Even the exquisitely beautiful last scene in "Billy", where Fred visited and tried to comfort Wesley, didn't convince me that Fred had any particular strong feelings for him. Wes was obviously horrified with how he treated her, and was unable to pull himself together enough to allow her to get close to him. By the same token, Fred didn't force the issue either, and probably wisely left him alone a few minutes later. I'm sure that if she would have stayed with him for a while she might have developed feelings for him, but I can only conclude that it wasn't meant to be. This was just another instance of her wanting to do Something Nice for the Nice Man.

Think of the possibilities that could have been explored in subsequent episodes. Fred could have stopped looking at Wesley as the always-in-control boss. Fred could have tried to talk to Wesley later on about the incident, or Wesley could have had difficulty relating to Fred on the job after that horrible night. Except for the fact that Wesley started to explore his dark side in "Billy", you can't tell in any of the following episodes that anything tragic had happened between the two of them. If we took "Billy" out of the rotation, we wouldn't see any change in their relationship, except for the fact that she eventually hooked up with Gunn.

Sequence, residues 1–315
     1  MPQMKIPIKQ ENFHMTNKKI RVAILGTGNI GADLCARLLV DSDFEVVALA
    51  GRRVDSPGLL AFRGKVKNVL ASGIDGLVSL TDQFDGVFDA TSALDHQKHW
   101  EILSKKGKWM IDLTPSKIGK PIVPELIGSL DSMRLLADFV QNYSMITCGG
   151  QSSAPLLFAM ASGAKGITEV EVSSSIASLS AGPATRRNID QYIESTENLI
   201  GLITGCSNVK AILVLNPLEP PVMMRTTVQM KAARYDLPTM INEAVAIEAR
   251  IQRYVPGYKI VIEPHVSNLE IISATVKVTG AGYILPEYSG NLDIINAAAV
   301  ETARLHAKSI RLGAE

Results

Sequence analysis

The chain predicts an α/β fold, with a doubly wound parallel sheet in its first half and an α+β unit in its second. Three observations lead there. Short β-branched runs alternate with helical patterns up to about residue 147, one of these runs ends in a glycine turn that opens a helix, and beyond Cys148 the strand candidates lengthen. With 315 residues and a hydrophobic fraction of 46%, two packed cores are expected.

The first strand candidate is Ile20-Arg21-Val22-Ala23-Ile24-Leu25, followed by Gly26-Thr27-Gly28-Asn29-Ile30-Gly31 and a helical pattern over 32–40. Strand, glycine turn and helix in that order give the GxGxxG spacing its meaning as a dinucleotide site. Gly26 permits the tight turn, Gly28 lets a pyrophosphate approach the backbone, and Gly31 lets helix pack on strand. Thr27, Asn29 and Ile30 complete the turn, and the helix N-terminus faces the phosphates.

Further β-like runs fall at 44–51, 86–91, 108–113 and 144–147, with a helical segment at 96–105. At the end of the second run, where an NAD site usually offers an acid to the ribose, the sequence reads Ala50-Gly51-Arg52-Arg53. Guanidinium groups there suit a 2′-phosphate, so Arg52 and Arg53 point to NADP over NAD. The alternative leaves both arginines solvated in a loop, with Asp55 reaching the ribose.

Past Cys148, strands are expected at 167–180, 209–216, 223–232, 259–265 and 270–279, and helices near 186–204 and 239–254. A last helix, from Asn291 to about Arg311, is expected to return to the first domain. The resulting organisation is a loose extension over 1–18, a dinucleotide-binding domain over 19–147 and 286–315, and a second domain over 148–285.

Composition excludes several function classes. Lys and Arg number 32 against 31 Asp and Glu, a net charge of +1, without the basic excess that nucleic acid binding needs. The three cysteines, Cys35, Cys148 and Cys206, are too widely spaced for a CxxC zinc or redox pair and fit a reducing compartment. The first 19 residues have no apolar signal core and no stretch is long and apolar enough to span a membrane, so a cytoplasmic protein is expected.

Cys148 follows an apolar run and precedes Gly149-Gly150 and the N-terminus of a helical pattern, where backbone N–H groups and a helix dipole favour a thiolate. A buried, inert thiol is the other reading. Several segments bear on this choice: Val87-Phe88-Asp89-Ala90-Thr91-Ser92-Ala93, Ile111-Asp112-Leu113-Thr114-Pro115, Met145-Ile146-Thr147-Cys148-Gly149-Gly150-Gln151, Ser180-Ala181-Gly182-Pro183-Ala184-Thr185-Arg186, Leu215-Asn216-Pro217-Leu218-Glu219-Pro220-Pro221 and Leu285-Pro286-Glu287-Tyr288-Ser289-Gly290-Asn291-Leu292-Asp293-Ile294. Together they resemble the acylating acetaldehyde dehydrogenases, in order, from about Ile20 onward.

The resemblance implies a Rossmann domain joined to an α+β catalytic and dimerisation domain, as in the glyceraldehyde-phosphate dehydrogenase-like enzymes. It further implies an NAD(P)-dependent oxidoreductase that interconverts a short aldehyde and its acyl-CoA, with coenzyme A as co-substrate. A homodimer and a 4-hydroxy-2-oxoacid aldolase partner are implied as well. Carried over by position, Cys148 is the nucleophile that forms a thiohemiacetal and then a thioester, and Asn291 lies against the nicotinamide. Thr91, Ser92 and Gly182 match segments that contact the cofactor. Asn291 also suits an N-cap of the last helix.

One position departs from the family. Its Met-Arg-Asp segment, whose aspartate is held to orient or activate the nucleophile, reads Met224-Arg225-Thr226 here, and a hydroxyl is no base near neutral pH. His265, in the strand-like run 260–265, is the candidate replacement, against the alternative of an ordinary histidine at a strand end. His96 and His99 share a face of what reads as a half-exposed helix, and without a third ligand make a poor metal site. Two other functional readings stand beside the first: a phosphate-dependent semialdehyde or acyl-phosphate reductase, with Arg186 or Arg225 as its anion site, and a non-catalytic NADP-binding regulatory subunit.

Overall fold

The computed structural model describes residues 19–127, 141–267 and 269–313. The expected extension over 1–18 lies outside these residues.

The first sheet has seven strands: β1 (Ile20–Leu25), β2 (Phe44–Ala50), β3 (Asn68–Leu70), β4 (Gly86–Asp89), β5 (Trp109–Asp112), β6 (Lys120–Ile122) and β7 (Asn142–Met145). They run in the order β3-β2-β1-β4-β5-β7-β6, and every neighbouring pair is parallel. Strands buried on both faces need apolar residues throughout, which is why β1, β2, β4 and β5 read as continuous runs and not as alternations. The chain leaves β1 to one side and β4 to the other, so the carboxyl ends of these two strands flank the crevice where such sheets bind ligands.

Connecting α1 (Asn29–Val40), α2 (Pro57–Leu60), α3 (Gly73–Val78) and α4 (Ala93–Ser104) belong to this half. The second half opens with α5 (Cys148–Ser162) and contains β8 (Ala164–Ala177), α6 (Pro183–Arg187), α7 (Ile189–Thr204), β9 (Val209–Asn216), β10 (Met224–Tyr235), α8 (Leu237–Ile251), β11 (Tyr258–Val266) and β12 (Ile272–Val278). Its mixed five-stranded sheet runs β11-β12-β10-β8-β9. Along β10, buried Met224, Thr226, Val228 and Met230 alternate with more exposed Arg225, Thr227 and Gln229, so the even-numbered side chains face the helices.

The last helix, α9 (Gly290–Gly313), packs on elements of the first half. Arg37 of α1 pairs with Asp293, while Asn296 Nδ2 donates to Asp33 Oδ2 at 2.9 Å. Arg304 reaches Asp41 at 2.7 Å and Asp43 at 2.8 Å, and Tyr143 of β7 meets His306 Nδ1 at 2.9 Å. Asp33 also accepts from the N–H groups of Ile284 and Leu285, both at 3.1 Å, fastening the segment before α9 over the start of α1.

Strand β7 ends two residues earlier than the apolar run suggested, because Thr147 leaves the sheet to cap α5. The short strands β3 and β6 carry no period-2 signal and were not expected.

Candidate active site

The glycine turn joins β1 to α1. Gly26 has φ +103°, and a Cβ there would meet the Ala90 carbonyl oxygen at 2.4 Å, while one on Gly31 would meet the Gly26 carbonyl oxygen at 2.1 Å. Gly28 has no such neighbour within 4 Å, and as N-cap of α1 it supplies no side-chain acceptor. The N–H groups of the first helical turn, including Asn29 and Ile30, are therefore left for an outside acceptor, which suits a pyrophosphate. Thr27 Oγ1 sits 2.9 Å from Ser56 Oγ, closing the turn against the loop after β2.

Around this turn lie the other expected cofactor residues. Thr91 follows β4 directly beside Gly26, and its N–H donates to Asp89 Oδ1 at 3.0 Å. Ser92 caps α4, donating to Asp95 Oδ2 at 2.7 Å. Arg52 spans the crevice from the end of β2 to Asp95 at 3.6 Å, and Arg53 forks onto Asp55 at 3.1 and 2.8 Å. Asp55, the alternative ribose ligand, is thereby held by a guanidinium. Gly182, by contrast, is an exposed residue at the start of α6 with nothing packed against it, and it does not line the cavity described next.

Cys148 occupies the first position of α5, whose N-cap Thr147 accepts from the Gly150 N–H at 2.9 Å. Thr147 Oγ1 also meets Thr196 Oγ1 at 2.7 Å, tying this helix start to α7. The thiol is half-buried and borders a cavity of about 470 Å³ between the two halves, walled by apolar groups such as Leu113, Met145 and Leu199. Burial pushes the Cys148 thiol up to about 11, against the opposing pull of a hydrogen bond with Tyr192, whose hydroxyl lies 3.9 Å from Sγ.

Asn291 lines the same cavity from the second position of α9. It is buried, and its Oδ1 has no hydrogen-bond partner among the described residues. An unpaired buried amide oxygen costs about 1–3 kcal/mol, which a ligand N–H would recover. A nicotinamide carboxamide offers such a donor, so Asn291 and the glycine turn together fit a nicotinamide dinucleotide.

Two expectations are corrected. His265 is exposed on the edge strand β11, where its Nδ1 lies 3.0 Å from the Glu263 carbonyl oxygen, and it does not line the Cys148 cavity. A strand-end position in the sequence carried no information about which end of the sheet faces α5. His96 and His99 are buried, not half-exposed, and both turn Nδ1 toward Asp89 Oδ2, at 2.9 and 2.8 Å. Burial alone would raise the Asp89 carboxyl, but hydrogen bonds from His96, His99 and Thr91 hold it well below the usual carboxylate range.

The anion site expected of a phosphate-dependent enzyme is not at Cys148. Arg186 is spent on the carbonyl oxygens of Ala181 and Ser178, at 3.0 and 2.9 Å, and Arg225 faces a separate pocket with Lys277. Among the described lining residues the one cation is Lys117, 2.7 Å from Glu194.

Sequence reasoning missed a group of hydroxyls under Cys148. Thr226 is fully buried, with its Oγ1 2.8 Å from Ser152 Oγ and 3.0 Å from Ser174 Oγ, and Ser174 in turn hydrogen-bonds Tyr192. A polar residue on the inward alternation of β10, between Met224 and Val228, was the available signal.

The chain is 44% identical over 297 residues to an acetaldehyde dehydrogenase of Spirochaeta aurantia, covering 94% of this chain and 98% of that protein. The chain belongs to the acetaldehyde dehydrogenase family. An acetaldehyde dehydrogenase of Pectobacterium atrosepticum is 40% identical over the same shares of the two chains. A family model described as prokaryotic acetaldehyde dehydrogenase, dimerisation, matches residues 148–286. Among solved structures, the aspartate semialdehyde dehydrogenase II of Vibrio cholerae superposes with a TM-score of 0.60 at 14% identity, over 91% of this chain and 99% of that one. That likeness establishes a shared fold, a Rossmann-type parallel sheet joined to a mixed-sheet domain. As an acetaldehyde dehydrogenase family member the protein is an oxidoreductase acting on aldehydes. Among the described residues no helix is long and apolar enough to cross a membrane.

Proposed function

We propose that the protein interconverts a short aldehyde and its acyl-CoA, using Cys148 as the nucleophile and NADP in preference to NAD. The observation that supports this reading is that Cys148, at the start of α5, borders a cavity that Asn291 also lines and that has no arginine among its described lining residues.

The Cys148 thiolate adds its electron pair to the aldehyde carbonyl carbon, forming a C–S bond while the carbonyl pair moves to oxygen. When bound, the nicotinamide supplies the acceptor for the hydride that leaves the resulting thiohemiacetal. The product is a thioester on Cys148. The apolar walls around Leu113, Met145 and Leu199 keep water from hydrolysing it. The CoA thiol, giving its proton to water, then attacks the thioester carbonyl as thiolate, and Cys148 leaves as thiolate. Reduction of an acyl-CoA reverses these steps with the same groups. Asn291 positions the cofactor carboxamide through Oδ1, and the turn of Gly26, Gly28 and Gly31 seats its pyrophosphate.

As an interesting sidenote, "Billy" was filmed right after the September 11 attacks in 2001. Bell and Minear even spoke of how they weren't sure they'd be able to film airplanes taxiing down the runway since all planes were grounded for several days after the attacks. Another problem was trying to figure out if the audience would believe that security was lax enough to allow Cordelia and Lilah to go onto the tarmac with their various weapons. The creators got around that little problem by realizing that the episode was obviously filmed at a small airport rather than at a large one like LA International, and everyone would figure out that the security procedures would have been different for these two types of airport.